If this is what a 4-day workweek means to your organization, then yeah, it’s probably not going to help with burnout:
“Forcing employees to complete the same amount of work that was accomplished with five days and shoehorn that into four days is not the right way to do this massive change.”
The thing we haven’t really considered is that it’s the stress, and it’s the amount of work.
As the article points out later, we actually need to recognize how many actually productive hours people have in them each day and figure out how to make that work. To quote:
“Most of the companies that are deploying this new strategy are still asking their employees to work the same amount of hours but in less days, which is to me the perfect recipe for burnout,” says Gunn.
Some companies get it, says Gunn, such as Shopify, whose CEO Tobias Lutke said in December 2019 that most employees are only productive five hours per day and executives need to recognize this fact.
You see, the problem we have when it comes to burnout is this. There are only so many hours we can be productive before the quality of our work starts to wane. Our ability to focus starts to wane, and we are just sort of going through the motions. When you are just working that way, going through the motions, long enough you will burn out. You can spread that over 5 days, cram it into 4 days, or heck spread it over all 7 days of the week, and it won’t change. The longer you spend doing work, the more likely you’re not really engaged in it because you simply don’t have the capacity.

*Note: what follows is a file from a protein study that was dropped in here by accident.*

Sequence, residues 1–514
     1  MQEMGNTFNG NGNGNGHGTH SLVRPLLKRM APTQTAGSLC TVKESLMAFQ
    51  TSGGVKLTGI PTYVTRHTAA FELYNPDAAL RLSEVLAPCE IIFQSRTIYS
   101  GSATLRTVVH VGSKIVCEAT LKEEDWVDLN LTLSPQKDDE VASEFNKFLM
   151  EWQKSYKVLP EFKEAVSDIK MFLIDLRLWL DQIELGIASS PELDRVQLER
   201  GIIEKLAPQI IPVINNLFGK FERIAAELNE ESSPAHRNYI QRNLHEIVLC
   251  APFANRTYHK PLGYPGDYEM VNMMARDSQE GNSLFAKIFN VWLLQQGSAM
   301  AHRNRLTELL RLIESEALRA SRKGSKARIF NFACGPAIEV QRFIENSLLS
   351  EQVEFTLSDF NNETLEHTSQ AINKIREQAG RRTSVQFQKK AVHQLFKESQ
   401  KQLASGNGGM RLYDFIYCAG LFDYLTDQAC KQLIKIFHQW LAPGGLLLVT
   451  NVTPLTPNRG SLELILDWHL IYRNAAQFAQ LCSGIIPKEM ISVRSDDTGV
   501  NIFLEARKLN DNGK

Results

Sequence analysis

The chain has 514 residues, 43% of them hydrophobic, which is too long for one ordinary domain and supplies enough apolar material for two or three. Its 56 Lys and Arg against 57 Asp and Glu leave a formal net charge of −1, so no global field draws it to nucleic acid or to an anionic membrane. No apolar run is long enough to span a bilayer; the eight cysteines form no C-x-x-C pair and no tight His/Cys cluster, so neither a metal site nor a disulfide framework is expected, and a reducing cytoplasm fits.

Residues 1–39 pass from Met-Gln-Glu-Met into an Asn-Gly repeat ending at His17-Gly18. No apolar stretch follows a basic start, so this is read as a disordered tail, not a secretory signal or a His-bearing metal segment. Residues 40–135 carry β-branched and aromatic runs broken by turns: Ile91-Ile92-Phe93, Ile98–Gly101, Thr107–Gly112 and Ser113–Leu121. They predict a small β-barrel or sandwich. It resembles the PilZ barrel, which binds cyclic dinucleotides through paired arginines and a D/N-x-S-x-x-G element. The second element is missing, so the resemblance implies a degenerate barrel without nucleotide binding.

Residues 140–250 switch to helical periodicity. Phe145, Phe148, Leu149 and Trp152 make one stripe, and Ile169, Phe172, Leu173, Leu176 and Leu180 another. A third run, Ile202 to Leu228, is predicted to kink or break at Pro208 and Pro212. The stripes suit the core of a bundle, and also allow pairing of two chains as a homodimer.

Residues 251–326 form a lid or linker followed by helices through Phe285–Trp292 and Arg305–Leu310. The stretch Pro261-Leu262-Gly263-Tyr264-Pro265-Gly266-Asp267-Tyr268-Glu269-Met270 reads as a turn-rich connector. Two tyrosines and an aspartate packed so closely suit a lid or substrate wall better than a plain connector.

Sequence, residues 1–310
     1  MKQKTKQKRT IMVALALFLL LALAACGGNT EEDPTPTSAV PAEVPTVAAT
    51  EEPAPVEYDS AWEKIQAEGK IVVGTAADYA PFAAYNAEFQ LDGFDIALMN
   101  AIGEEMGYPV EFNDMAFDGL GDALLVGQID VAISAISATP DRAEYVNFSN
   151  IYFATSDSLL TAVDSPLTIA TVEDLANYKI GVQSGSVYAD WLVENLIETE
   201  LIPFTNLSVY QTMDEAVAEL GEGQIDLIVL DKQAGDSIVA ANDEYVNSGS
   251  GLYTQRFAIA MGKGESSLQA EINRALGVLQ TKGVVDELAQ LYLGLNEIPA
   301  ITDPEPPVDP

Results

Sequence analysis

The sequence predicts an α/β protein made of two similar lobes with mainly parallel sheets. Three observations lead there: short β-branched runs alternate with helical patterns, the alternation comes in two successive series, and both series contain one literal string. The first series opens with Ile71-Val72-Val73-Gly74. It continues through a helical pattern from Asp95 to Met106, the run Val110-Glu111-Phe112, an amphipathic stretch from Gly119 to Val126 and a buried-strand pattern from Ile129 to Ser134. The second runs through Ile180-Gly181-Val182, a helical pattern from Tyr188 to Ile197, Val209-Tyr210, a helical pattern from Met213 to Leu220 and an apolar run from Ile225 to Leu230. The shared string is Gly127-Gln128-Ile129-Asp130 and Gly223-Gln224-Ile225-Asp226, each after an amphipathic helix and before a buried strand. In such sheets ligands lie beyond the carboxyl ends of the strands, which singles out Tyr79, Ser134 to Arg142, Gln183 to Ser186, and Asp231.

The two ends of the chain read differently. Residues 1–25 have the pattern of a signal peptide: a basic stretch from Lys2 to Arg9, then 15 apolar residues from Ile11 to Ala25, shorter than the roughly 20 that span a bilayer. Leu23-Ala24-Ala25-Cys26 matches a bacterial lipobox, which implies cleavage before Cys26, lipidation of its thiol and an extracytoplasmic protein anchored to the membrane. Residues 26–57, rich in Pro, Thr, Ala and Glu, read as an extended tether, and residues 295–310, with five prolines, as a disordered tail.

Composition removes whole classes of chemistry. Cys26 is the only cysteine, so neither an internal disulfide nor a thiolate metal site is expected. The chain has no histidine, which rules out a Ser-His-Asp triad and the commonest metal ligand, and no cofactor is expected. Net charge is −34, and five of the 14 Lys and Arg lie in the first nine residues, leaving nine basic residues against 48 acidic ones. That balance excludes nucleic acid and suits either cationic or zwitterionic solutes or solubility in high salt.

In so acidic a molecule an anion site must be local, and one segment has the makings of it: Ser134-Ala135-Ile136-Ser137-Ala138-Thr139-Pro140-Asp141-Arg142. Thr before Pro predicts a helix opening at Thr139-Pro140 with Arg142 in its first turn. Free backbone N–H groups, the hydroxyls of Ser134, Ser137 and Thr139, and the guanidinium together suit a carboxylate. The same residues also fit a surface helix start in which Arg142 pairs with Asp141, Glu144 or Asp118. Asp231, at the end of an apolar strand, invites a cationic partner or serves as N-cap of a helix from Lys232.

Pre-2020 we spent 8+ hours in the office, plus maybe an hour or more commuting, turning our workday into about 10-11 hours of our day, on average. But, as I mentioned, part of that was just commuting, and part of that in-office time was spent interacting socially with coworkers, going to get lunch, etc. Now? We wake up and start working. (If you’re lucky and plan you might even get a chance to shower before work.) You eat at your desk. You work right up until 5-6PM and you simply shut down. Again, you’re lucky if someone doesn’t still email or “ping” you after that. So, for many of us, our workday might still be 10-11 hours, or it might even be a bit shorter, but it’s ALL work, and as we just saw, the reality is that around the 6-hour mark our productivity started to dip. The key then, to not burning out, is to make that day flexible. Instead of demanding you put in “x” hours each day/week/month, we should simply lay out what work needs to be completed, what the deadlines are, and give workers the freedom to find the best way to accomplish that. Maybe, for some, they will want to really focus for 4 days per week and have the extra day to live their lives. For others, it might look like working some in the morning, some in the afternoon, and then again in the evening. Not everyone is going to fit into the same bucket when it comes to finding the balance that allows them to do their best work, and also have a life. Don’t force them to fit into the bucket you like. That’s how you burn them out.